The report, authored by JPR researchers Dr Donatella Casale Mashiah and Dr Jonathan Boyd, finds that despite the fact that there are now 454 synagogues in the UK – the largest number ever recorded – synagogue membership numbers have dropped below 80,000 households for the first time since records began. Indeed, there has been a 20% decline over a quarter of a century, and a 4% decline since the last such report was published in 2010.
However, the overall decline masks important developments at a denominational level. Critically, the sector that has declined most sharply is central Orthodoxy – broadly understood as the United Synagogue, the Federation and various independent modern Orthodox synagogues dotted around the country – which collectively have seen a 37% drop since 1990. This decline is partly due to disaffection, but it has also been driven considerably by natural decrease – more members dying than being born.
In contrast, membership of strictly Orthodox synagogues is growing. Indeed, it has grown dramatically over time – by 139% since 1990. A generation ago, the strictly Orthodox comprised 4.5% of all synagogue members households; today they comprise 13.5%. This growth is driven almost exclusively by demographic forces – particularly, high birth rates in this sector of the community.
Taken as a whole, Liberal, Reform and Masorti figures have been fairly stable over time. Liberal and Reform have both declined slightly since 1990, whereas Masorti has grown, albeit from a lower base. But this overall picture of stability is somewhat misleading: in reality, Liberal and Reform synagogues are both losing members at a similar rate to the central Orthodox ones, but unlike those central Orthodox ones, they are also attracting members from their religious ‘right’ to offset those losses.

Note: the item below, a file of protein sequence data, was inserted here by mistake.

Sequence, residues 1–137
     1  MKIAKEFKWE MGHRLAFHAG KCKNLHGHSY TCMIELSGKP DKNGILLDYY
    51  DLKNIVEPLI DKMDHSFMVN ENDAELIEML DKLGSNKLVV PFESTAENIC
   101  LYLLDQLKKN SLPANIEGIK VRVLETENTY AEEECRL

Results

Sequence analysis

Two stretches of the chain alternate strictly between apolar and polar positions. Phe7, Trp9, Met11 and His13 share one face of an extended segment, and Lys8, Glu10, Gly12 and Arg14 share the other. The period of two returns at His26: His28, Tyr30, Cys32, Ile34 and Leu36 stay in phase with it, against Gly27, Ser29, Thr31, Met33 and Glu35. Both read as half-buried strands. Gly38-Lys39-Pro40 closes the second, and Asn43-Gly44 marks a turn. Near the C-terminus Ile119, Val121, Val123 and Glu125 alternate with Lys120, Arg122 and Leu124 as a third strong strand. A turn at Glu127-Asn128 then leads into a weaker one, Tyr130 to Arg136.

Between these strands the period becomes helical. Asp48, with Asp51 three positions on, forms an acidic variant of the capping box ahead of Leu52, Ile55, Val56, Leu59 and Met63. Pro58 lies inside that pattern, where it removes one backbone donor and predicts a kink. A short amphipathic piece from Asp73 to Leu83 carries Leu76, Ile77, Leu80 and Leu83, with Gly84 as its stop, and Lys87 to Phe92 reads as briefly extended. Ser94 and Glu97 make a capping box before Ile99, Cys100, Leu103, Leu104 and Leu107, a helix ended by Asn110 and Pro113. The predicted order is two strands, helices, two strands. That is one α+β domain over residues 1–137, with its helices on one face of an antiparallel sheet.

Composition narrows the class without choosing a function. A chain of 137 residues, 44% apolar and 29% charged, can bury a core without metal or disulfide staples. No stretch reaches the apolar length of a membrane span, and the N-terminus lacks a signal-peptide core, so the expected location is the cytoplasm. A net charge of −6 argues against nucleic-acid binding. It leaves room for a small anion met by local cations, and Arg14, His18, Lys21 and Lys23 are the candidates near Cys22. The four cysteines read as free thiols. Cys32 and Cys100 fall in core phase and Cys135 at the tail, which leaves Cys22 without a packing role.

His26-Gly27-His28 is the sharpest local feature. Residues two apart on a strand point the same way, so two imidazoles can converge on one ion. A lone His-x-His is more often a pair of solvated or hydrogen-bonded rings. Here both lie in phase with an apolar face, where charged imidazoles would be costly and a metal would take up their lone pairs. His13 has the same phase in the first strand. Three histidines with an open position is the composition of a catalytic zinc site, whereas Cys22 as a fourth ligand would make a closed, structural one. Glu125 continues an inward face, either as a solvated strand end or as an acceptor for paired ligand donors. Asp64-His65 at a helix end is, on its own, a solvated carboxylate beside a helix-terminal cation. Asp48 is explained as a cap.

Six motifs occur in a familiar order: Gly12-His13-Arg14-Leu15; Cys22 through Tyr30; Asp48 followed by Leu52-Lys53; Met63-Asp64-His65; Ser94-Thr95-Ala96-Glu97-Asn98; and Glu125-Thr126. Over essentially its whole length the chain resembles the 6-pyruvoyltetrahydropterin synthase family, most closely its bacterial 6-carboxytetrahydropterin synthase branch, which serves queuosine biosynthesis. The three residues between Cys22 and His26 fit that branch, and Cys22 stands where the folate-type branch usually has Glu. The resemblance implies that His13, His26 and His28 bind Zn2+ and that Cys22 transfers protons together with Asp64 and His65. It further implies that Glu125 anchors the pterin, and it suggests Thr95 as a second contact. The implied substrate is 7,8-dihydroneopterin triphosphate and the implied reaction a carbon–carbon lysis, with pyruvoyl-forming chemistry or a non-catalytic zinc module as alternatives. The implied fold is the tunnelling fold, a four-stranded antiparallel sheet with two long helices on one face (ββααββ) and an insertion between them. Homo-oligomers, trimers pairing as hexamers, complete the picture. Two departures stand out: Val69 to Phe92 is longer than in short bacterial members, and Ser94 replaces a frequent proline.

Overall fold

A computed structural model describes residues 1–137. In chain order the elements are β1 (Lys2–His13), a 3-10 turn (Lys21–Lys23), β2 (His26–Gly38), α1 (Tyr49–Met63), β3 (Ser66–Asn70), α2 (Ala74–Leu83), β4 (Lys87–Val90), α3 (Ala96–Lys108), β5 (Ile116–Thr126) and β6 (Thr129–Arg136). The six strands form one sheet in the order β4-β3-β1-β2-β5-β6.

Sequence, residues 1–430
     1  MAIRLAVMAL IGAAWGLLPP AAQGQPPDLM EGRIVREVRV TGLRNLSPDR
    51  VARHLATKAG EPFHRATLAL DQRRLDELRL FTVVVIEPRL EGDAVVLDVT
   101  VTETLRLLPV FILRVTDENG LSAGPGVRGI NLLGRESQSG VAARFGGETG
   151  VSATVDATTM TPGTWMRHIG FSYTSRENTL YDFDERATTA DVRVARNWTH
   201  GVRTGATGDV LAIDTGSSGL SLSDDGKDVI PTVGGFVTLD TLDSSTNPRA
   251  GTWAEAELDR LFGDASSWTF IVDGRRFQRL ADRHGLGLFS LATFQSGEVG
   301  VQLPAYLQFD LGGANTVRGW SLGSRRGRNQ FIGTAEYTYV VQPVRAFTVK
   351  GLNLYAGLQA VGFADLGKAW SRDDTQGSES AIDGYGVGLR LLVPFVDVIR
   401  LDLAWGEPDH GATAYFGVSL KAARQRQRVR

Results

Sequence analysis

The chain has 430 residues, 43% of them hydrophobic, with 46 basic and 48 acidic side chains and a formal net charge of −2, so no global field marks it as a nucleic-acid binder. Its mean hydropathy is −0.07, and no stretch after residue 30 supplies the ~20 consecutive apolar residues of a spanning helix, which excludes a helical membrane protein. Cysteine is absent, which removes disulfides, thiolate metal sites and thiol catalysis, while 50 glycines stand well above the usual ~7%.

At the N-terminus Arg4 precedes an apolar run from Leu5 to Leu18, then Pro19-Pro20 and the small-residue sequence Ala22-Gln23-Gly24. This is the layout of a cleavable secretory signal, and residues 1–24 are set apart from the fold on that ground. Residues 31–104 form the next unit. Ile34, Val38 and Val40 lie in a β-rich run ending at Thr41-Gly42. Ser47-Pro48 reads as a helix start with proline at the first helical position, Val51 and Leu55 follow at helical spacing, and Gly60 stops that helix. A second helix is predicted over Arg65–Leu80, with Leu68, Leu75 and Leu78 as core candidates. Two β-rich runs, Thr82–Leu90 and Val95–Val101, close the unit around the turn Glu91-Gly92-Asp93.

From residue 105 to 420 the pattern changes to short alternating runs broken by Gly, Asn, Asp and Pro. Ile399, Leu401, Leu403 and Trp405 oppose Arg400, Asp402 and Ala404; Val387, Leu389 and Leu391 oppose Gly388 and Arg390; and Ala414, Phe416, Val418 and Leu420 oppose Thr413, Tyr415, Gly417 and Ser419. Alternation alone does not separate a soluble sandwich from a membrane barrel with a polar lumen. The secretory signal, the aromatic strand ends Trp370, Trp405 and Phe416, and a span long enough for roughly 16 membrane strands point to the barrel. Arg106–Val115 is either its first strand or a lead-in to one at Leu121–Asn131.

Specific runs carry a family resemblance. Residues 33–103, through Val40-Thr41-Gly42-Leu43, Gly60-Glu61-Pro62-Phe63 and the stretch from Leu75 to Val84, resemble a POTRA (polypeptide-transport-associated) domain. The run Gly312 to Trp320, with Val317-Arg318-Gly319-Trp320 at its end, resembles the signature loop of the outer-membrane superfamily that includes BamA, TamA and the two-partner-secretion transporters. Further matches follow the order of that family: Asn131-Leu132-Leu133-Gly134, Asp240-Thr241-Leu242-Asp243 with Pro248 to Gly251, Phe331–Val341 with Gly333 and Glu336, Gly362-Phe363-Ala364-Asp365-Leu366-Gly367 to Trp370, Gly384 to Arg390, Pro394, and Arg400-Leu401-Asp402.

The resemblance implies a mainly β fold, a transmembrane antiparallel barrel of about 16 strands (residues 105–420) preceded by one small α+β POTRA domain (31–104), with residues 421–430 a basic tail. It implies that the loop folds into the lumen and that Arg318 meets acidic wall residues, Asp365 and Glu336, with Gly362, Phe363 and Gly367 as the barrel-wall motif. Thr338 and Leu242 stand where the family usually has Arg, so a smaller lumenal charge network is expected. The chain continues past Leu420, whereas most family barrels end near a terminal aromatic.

following compilations for 1977 and 1983. The figures presented relate to mid-1990. To
the best of our knowledge all congregations in the United Kingdom are included: we would
be pleased to be told of any unwittingly omitted. In order to compare data across
synagogue groupings and between areas, our analytical base (which is described fully
in the Appendix) is such that data presented here for individual synagogues may differ
from membership figures published by synagogal bodies. This is particularly the case
where synagogues count husbands and wives as two individual members: we have
considered them as one household membership.
marriages and of burials and cremations of Jews for 1989 The findings are
presented below. As in past years, marriage and death totals are
subdivided into various synagogue groupings. This is done for analytical
purposes and in order to indicate trends. The statistics for groups show
only which section of the community recorded the marriage or death. They
in no way measure the level of religious observance of individuals
In giving an overview of Jewish women in Great Britain I intend to touch on three areas: Jewish organizations; participation in synagogue life; and the position of Jewish women's research in Britain. The main sources for the data I quote are the regular compilations of synagogue membership and estimates of population which the Board of Deputies Community Research Unit has conducted regularly the past thirty years; and two recent large scale-studies: The Review of Women in the Jewish Community in 1993 for the Chief Rabbi's Commission on Women; and The Survey of Social Attitudes of British Jews conducted by the Institute for Jewish Policy Research in 1995.
of Deputies approximately every five years, is published jointly with the Institute for Jewish Policy
Synagogue membership data are of particular interest to community leaders and planners because
they provide the only consistent indicator of patterns of Jewish affiliation over time. No other survey
regularly reports on the denominational structure of the Jewish community in the UK. The data are
also unique in providing a consistent indicator of Jewish belonging – a measure of proactive
attachment and commitment to Jewish communal life.
Despite the continuing decline in synagogue affiliation over the last generation, the synagogue, as an
institution, nevertheless continues to be the principal arena of formal affiliation to the Jewish
The data presented here reveal a dynamic picture of communal change in the UK, charting changes in
the religious make-up of the community. We have sought to provide as functionally relevant a measure
of synagogue membership as possible within the limits of the data that we were able to obtain.